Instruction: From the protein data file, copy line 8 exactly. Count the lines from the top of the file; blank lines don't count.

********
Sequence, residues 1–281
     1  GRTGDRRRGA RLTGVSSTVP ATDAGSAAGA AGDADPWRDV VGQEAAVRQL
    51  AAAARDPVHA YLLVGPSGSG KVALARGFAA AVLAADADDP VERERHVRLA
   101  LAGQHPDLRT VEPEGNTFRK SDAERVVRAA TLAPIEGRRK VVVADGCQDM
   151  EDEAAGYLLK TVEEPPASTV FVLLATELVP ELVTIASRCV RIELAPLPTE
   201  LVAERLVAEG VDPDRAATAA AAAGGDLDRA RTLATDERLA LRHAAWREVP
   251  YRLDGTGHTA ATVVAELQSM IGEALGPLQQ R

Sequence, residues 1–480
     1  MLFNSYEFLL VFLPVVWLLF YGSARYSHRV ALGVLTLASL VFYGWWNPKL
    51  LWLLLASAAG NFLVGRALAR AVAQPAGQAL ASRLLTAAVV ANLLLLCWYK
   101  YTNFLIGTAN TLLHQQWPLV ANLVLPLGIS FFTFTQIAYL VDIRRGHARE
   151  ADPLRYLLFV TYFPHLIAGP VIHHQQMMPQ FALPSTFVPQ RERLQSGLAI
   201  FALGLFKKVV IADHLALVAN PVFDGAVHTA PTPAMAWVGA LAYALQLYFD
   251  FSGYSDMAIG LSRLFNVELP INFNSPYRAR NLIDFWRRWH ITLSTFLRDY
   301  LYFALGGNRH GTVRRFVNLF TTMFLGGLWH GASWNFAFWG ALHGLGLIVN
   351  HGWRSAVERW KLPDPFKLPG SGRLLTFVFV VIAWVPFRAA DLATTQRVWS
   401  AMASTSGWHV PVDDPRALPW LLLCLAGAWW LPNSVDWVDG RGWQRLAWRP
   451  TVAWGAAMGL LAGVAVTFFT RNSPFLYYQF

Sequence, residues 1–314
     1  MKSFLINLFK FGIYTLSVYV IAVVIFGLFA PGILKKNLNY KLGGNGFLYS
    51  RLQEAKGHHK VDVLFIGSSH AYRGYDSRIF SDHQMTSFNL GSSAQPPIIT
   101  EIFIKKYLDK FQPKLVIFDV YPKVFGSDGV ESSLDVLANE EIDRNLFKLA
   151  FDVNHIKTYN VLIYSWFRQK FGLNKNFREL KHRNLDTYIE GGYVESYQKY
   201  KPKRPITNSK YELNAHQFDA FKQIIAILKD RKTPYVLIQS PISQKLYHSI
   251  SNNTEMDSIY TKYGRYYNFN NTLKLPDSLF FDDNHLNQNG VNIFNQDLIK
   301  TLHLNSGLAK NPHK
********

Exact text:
Sequence, residues 1–480